Another lamp bites the dust.

“You’re an asshole!”

“A fact you were well aware of before you married me.” I shrug. “No take-backs.”

Kate growls.

So hot.

Then she stomps down the hall into our bedroom and slams the door behind her, rattling the picture frames on the walls.

And they say men are the violent ones.

I sigh. I just don’t have time to deal with this right now. Don’t look at me like that—I’m not trying to be a prick. I love Kate; I hate that she’s mad. But give me a break—it’s one day. Why does she—why do women everywhere—have to make such a big fucking deal over one day?

I put my shoes on, then walk down the hall and brace my hands on the frame of the bedroom door. And talk through it.

“Okay . . . so, I’m gonna head out.”


I wait. I listen.


“So that’s how you’re gonna play this? Not speaking to me? Real nice, Kate—very mature.”

Still nothing.

I admit—her cold shoulder bothers me. Not enough to change my plans, but enough for me to try to talk her out of the silent sulk one last time.

“You’re not even gonna kiss me good-bye? What if I get pushed in front of a subway train by a deranged homeless person? It could happen. And if it does, you’re going to feel awful.”

That does the trick. The bedroom door is yanked open.

Kate stands there, with one hand on her hip and a sugary sweet smile on her face. “And we both know I’ll get over it.”

Then she slams the door in my face.

chapter 2

Although I don’t believe I have any actual firsthand knowledge, it’s colder than a witch’s tit outside. Wind cuts through the city streets and the sky is a gloomy gray, hinting at a coming snowstorm.

On the corner, a block from my building, a scraggily faced man in layered, shabby clothes shouts about the apocalypse—the end of days—and how we all need to turn our lives around before time runs out. It’s not an uncommon occurrence; guys like him litter the city. But today it seems weirdly . . . foreboding.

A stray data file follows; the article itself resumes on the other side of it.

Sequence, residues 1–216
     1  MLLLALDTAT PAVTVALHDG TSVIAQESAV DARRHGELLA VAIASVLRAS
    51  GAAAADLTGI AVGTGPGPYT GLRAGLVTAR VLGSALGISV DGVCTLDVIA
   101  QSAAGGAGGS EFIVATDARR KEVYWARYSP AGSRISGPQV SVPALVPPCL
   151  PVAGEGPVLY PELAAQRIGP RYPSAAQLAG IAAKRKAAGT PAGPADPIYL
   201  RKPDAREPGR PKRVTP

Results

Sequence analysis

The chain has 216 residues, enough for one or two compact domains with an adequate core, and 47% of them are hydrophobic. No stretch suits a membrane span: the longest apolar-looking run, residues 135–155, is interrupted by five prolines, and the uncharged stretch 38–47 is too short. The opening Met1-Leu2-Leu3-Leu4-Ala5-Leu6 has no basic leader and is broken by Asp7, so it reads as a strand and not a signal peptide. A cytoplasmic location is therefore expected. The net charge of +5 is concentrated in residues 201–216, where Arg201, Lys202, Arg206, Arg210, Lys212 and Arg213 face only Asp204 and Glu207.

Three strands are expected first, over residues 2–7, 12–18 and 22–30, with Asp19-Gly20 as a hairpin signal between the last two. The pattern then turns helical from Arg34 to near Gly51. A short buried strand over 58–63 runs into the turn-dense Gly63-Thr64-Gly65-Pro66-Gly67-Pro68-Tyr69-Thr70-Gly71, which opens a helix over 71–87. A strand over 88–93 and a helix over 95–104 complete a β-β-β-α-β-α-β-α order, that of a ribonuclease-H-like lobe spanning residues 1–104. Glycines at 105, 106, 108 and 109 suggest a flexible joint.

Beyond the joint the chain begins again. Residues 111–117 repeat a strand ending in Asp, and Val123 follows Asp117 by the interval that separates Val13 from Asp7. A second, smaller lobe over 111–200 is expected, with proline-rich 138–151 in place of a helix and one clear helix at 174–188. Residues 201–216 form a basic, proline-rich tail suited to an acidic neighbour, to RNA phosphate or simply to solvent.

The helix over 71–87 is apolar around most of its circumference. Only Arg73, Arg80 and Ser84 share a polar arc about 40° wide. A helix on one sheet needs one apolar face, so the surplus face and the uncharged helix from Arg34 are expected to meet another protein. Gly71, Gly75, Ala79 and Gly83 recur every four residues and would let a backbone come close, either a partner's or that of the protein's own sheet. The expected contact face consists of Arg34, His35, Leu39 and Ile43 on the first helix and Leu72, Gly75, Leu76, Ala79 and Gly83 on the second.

I open the door to the building and am greeted by Sam, a security guard in his early twenties who typically helms the night shift.

“Merry Christmas, Mr. Evans.”

“Same to you, Sam.” He swipes my ID badge and I ask, “They put you on Christmas Eve?”

He shrugs. “I volunteered. Hard to argue with time and a half. Plus it gives the fellas with families time to spend at home.”

Guilt pokes at me like the spring of worn-out couch. But I ignore it. “You don’t have any family?”

“Not yet. My girlfriend and I are going to my mother’s for dinner tomorrow. She’s out in Yonkers.”

I slide my badge into my pocket and pull a fifty out of it. “I’ll be here pretty late tonight. In case I don’t catch you on the way out, have a happy holiday.” We shake hands and I slip him the fifty. Because I subscribe to my father’s line of thought: an employee who feels appreciated—and well compensated—is a productive employee. And if I want anyone to be productive, it’s the guy responsible for keeping the building safe.

He smiles gratefully. “Thanks a lot, Mr. Evans.”

I nod and head up the elevator to the fortieth floor.

The offices are dark, the only light coming from the full-size Christmas tree in the corner and the illuminated electric menorah on the table beside it. The whole floor is quiet and still.

Not a creature is stirring, not even a mouse.

I flick the lights on in my office and sit down at my desk to get to work. While my laptop boots up, I look at the phone.

And consider calling Kate.

I don’t like it when she’s pissed at me. It feels . . . wrong. Off-kilter. And it’s distracting. Tonight I need to be focused—on top of my game.

I don’t pick up the phone.

Because calling her to say I’m sorry, but I’m staying at the frigging office anyway, won’t go over well. Besides, she’s never been able to stay mad at me for long. By the time I get home, I bet she’ll be over it, just like I said.

An hour later, I’m staring at my computer screen, reviewing the proposal I’m gonna pitch to Media Solutions. I yawn deeply and my vision blurs. The scorching rechristening of our living room and kitchen must’ve worn me out more than I thought. I stretch my arms and crack my neck, trying to wake myself up.

But after five minutes, as I read paragraph seventeen, my eyelids become heavy. Until they droop and drag to a close.

I bolt awake at my desk—disoriented and slightly panicked. The way my grandfather used to snore away in his recliner, before jerking up and claiming he was just “resting my eyes.”

Glancing at my watch, I’m relieved to see it’s only been a few minutes since I dozed off. “Wake the fuck up, Evans. No time for a nap.”

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